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7-item depression scale speeds primary care Dx.

PARIS -- A 7-item rating scale for depression was as effective as the standard 17-item Hamilton Rating Scale for depression in a study with 142 patients.

Although the 17-item scale is considered the standard, "questions about its internal consistency, reliability, and lengthy time to administer make it impractical in a primary care setting," Roger S. McIntyre, M.D., said in a poster presentation at the 24th Congress of the Collegium Internationale Neuro-Psychopharmacologicum.

The Abbreviated Hamilton Depression Rating Scale (HAM-D7) was introduced by Dr. McIntyre and his associates in 2002 as a quicker and simpler method for physicians to assess depression in patients. With HAM-D7, patients are rated on depressed mood, guilt feelings, involvement in work and activities, psychological anxiety, somatic anxiety, somatic symptoms, and suicide. (See chart at right.)

These items were selected from the larger HAM-D17 scale because they frequently appear at baseline in patients who are depressed and are especially sensitive to change with treatment. The maximum score in the HAM-D7 scale is 26, said Dr. McIntyre, head of the mood disorders psychopharmacology unit at Toronto Western Hospital.

To see if HAM-D7 might be particularly well suited to use by primary care physicians, Dr. McIntyre and his associates conducted a study that involved 50 primary care physicians from locations across Canada.

The complete study enrolled 455 patients, but Dr. McIntyre's report at the congress included the initial findings from the first 142 patients.

Participants had a diagnosis of major depressive disorder based on DSM-IV criteria and had scored at least 19 on the full Hamilton Depression Rating Scale (HAM-D17).

At baseline, all patients began an open-label regimen with an antidepressant drug. They were reassessed every 2 weeks for 8 weeks, so that each patient underwent a total of five assessments.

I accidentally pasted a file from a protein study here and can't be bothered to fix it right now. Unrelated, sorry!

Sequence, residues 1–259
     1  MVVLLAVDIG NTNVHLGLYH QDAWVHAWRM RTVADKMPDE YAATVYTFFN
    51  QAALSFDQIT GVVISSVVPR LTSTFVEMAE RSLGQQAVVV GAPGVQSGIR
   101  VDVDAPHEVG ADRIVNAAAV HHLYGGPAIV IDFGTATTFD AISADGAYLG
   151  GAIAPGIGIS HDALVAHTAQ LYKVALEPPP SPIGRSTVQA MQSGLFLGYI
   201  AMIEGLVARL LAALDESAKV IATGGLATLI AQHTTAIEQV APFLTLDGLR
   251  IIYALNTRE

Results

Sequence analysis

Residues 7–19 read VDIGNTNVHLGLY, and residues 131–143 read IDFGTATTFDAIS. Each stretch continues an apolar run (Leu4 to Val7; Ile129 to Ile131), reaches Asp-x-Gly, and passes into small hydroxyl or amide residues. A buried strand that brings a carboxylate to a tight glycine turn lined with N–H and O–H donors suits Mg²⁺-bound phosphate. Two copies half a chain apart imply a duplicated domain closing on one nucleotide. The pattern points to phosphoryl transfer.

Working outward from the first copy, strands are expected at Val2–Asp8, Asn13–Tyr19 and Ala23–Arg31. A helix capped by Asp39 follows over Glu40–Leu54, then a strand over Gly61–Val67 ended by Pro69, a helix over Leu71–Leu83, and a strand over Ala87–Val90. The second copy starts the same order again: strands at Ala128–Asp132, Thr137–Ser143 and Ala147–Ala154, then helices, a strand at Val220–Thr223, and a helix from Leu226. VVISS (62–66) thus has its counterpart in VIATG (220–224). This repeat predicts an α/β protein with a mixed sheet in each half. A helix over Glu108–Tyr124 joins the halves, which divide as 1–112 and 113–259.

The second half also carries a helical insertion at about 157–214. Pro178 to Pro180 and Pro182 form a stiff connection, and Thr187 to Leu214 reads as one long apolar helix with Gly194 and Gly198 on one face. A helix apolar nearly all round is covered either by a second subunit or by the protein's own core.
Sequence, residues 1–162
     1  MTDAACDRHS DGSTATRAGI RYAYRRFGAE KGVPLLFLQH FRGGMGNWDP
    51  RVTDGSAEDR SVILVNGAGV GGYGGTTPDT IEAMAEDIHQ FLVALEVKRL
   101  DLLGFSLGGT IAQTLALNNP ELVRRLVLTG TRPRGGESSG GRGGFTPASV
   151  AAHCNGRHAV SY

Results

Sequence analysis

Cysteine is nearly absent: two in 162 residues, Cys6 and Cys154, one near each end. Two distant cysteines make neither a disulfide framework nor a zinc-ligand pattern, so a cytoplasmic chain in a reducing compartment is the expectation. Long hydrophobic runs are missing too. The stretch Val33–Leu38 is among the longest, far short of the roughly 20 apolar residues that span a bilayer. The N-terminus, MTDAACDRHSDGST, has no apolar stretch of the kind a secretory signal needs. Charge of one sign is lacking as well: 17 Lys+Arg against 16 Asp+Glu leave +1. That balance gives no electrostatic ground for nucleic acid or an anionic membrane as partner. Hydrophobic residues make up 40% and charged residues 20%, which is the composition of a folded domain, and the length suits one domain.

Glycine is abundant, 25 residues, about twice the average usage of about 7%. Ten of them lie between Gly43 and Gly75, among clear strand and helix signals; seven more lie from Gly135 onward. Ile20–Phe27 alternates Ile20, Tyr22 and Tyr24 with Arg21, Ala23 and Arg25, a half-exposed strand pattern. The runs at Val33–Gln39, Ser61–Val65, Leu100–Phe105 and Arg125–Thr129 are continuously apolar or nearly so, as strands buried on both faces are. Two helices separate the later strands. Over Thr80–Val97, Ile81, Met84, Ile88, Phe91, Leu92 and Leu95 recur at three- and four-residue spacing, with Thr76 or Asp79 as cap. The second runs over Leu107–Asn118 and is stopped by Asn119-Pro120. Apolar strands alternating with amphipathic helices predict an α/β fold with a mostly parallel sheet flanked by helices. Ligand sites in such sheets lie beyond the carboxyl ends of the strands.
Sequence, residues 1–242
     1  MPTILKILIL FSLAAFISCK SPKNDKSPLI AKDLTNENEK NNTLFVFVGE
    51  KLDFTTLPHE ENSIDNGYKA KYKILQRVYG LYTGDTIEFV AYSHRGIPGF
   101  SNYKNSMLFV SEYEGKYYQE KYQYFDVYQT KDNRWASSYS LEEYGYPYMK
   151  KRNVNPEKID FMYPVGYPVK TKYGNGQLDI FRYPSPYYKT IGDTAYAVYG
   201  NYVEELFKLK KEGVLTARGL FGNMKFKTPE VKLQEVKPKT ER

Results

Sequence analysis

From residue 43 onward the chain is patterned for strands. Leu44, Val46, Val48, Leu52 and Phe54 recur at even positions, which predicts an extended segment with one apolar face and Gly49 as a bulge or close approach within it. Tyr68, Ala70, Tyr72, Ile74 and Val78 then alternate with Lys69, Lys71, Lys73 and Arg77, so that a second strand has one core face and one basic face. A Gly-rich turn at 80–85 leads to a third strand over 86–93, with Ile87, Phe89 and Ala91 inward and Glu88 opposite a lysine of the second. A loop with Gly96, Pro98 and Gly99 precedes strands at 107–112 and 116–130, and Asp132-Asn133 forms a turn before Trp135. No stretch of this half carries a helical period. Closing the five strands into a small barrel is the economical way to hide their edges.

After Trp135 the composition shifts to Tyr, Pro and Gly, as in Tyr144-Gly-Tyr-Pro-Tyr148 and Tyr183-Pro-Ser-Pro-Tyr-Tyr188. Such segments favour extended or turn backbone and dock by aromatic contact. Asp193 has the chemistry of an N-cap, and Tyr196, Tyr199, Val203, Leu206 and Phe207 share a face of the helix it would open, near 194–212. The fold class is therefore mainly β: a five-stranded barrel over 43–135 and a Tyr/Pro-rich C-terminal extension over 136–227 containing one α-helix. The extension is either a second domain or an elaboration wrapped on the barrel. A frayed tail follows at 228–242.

The patients were randomized into two groups: One group was followed using the HAM-D17 questionnaire and the other was followed using the HAM-D7 scale. All patients were also assessed with the Montgomery-Asberg Depression Rating Scale and with the Clinical Global Impression scale.

Throughout the five assessments that each patient received, the pattern of change in the depression score was very similar between the HAM-D17 and HAM-D7 groups.

The 75 patients in the HAM-D17 group entered the study with an average score of 24, which fell steadily through the next 8 weeks to a low of 7.

The 67 patients in the HAM-D7 group entered the study with an average score of 14, which also fell steadily, paralleling the score change in the other group and reaching a final mean of 4 after 8 weeks of receiving antidepressant treatment, Dr. McIntyre reported.

With the HAM-D17 scale, 63% of the patients responded to their treatment regimen and 42% went into remission. With the HAM-D7 scale, 69% of the patients responded and 44% were in remission after treatment, Dr. McIntyre said.
The Brief Hamilton Rating Scale for Depression (HAM-D7)

 Item Questions

1. Depressed mood Have you been feeling down or depressed? Sad?
 Does the feeling lift at all if something good
 happens? In the last week, how often have you
 felt this way?

2. Feelings of guilt If YES to the first question: What have your
 thoughts been? Have you been feeling guilty
 about anything that you have done or have not
 done? What about things that happened a long
 time ago? Have you thought you have brought
 (this depression) on yourself in some way? Do
 you feel that you are being punished by being
 sick?

3. Interest, pleasure, If working: Have you been able to get as much
 level of activites done as you usually do (when you are feeling
 (work and OK)? How have you been spending your time this
 activities) past week (when not at work)? Have you felt
 interested in doing (those things), or do you
 feel you have to push yourself to do them? Have
 you stopped doing anything you used to do?

 If YES: Why? is there anything you look forward
 to?

4. Tension, nervousness If YES: Is this more than usual for you? Have
 (psychological you been worrying a lot about little things,
 anxiety) things you do not ordinarily worry about?

 If YES: Like what, for example?

5. Physical symptoms of How bad have these symptoms become? How much of
 anxiety (somatic the time or how often have you had them?
 anxiety)

6. Energy level What about backaches, muscle aches, or
 (somatic symptoms) headaches? Have you felt any heaviness in your
 limbs, back, or head?

7. Suicide (ideation, If YES: What have you thought about? Have you
 thoughts, plans, actually done anything to hurt yourself?
 attempts)

Source: Primary Psychiatry 2003;10:39-42


BY MITCHEL L. ZOLER

Philadelphia Bureau
COPYRIGHT 2004 International Medical News Group
No portion of this article can be reproduced without the express written permission from the copyright holder.
Copyright 2004 Gale, Cengage Learning. All rights reserved.

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Title Annotation:Psychiatry
Author:Zoler, Mitchel L.
Publication:Internal Medicine News
Geographic Code:1USA
Date:Nov 15, 2004
Words:773
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